LibreOffice 6 vs Microsoft Office

LibreOffice 6 vs Microsoft Office – The latest version of our favourite free office suite introduces loads of new features, Jonathan Parkyn compares them to Microsoft Office’s equivalents

LibreOffice vs Microsoft Office

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LibreOffice vs Microsoft Office: Better file compatibility

Compatibility is always a concern when using a non-Microsoft office suite, so it’s great that the new LibreOffice version (, improves the suite’s support for MS Office formats, including DOC, DOCX and PPTX (PowerPoint) files.


Previously, your documents may have suffered from formatting problems when shared between MS Office programs and LibreOffice, but that should be a thing of the past. We tested this using formats we previously had problems with, and were pleased to find that our formatting now’ remains intact. In addition, LibreOffice 6 adds support for exporting documents in the EPUB format (under File, Export As, ‘Export as EPUB’, see screenshot below), meaning you can now create your own ebooks.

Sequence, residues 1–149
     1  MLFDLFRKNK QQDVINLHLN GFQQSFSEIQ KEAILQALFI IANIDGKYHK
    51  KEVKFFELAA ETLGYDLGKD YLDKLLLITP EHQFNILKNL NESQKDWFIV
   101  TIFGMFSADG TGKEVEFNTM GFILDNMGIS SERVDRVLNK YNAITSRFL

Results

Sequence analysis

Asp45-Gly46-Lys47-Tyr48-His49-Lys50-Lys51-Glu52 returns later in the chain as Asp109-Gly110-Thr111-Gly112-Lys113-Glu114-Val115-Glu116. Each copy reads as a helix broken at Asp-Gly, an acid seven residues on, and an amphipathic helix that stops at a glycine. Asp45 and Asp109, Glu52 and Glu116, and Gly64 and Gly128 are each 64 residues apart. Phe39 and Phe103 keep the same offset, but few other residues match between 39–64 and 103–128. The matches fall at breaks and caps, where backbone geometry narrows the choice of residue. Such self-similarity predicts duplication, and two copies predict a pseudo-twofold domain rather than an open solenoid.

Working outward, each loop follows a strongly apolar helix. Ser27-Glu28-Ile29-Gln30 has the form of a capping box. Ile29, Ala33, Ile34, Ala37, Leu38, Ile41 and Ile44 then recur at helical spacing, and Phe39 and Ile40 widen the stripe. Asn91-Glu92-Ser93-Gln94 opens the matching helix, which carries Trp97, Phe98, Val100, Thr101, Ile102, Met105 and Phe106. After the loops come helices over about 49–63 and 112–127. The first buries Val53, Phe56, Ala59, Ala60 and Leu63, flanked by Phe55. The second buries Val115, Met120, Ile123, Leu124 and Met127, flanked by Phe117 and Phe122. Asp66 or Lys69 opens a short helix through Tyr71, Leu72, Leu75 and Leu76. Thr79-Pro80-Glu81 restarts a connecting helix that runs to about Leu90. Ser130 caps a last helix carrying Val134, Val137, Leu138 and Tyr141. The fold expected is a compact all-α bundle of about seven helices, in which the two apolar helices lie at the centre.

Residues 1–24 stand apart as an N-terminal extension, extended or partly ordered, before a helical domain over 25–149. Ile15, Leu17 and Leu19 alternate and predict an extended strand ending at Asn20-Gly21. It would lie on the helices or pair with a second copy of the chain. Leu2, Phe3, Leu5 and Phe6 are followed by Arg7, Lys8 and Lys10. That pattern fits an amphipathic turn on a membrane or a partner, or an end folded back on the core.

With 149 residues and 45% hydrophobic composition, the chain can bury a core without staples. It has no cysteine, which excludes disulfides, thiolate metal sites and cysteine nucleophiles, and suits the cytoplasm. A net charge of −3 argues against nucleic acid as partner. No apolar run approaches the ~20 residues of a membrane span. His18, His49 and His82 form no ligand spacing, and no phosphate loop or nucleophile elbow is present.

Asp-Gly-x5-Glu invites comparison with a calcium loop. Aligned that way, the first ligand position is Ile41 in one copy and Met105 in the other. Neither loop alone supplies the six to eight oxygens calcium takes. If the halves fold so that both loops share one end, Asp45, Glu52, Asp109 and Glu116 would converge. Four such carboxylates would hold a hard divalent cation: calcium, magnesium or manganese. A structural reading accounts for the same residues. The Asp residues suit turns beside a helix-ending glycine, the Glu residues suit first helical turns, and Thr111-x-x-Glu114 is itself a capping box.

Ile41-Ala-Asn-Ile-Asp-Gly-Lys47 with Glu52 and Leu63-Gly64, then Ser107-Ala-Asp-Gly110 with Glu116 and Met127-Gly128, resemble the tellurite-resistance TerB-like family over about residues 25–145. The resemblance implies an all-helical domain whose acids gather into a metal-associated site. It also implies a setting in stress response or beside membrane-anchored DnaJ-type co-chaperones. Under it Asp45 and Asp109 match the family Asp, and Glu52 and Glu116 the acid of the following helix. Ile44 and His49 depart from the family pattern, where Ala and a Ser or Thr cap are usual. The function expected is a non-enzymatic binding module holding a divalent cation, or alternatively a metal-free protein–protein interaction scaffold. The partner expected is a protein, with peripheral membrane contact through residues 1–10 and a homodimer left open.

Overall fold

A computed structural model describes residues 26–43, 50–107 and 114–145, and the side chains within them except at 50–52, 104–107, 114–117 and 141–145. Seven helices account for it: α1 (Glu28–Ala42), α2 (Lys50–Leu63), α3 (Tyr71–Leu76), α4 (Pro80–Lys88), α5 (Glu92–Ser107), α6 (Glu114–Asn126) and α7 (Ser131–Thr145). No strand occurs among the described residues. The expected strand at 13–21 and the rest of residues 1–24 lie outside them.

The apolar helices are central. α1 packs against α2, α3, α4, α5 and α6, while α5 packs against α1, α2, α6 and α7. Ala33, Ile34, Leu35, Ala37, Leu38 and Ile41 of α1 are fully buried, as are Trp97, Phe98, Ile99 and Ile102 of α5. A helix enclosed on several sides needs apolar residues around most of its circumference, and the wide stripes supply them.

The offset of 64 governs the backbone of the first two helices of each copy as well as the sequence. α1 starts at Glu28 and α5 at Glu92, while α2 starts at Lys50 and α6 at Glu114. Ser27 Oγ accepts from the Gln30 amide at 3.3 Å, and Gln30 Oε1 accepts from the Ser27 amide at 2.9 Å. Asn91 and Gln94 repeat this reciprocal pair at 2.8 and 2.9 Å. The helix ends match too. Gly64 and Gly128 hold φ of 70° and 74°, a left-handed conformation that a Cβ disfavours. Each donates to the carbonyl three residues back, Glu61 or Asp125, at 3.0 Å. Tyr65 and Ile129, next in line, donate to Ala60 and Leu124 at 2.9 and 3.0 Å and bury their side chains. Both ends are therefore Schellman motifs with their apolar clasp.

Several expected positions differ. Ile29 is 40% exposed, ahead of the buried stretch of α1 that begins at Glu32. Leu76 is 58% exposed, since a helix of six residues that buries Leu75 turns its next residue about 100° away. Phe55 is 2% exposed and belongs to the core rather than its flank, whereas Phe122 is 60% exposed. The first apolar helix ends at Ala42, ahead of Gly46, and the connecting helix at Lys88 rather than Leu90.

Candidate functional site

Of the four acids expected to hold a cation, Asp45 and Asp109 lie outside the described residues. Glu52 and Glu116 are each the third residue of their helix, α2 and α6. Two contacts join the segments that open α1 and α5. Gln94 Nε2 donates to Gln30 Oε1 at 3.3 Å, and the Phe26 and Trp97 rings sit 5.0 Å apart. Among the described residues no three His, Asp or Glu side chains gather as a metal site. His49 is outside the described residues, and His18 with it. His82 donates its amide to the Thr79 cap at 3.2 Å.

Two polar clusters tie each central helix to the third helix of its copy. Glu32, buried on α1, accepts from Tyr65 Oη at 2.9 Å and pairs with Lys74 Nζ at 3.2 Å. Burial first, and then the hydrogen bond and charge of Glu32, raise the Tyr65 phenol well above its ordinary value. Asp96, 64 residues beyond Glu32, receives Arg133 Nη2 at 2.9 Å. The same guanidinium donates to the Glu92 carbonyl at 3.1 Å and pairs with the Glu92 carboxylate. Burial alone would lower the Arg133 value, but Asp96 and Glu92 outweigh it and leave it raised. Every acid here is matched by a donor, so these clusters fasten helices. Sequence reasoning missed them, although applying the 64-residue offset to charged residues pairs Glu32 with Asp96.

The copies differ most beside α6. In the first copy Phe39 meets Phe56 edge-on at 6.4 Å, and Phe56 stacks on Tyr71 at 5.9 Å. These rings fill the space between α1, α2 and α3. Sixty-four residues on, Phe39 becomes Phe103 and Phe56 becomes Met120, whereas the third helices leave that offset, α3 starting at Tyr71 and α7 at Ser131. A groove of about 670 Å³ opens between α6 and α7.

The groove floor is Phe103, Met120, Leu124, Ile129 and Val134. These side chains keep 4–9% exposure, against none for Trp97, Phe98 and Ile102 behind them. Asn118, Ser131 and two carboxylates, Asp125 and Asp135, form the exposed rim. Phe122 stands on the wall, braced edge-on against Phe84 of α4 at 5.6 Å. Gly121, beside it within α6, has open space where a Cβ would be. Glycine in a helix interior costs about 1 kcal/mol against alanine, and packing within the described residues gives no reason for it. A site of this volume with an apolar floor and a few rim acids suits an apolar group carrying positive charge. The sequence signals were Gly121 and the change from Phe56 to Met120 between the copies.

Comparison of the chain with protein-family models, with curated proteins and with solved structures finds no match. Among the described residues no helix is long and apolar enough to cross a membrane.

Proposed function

Microsoft Office has an unfair advantage here because it doesn’t have to fix problems with its own file formats. Overall, however, Office’s file compatibility is more limited than LibreOffice’s, which supports dozens of popular and obscure formats, including ClarisWorks’ CWK and QuarkXPress’s QXD files. Nor does MS Office provide any built-in option to export as EPUB or any other ebook format.


LibreOffice vs Microsoft Office: New navigation tools